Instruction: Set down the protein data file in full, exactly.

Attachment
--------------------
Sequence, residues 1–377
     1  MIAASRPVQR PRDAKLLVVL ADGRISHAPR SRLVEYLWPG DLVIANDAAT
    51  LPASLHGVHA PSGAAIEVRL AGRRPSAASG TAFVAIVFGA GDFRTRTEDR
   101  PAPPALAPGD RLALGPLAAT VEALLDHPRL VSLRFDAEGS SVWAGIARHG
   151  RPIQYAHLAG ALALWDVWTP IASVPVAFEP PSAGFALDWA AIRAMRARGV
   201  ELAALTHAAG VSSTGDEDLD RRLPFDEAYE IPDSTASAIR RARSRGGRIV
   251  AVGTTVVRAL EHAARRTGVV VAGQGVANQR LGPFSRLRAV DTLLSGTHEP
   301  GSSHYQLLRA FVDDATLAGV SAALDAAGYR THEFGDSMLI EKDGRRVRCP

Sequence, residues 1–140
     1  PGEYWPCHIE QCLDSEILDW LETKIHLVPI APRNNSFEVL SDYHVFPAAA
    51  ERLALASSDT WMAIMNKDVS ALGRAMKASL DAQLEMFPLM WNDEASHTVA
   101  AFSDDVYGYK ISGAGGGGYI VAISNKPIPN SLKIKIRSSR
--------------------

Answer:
Sequence, residues 1–377
     1  MIAASRPVQR PRDAKLLVVL ADGRISHAPR SRLVEYLWPG DLVIANDAAT
    51  LPASLHGVHA PSGAAIEVRL AGRRPSAASG TAFVAIVFGA GDFRTRTEDR
   101  PAPPALAPGD RLALGPLAAT VEALLDHPRL VSLRFDAEGS SVWAGIARHG
   151  RPIQYAHLAG ALALWDVWTP IASVPVAFEP PSAGFALDWA AIRAMRARGV
   201  ELAALTHAAG VSSTGDEDLD RRLPFDEAYE IPDSTASAIR RARSRGGRIV
   251  AVGTTVVRAL EHAARRTGVV VAGQGVANQR LGPFSRLRAV DTLLSGTHEP
   301  GSSHYQLLRA FVDDATLAGV SAALDAAGYR THEFGDSMLI EKDGRRVRCP

Sequence, residues 1–140
     1  PGEYWPCHIE QCLDSEILDW LETKIHLVPI APRNNSFEVL SDYHVFPAAA
    51  ERLALASSDT WMAIMNKDVS ALGRAMKASL DAQLEMFPLM WNDEASHTVA
   101  AFSDDVYGYK ISGAGGGGYI VAISNKPIPN SLKIKIRSSR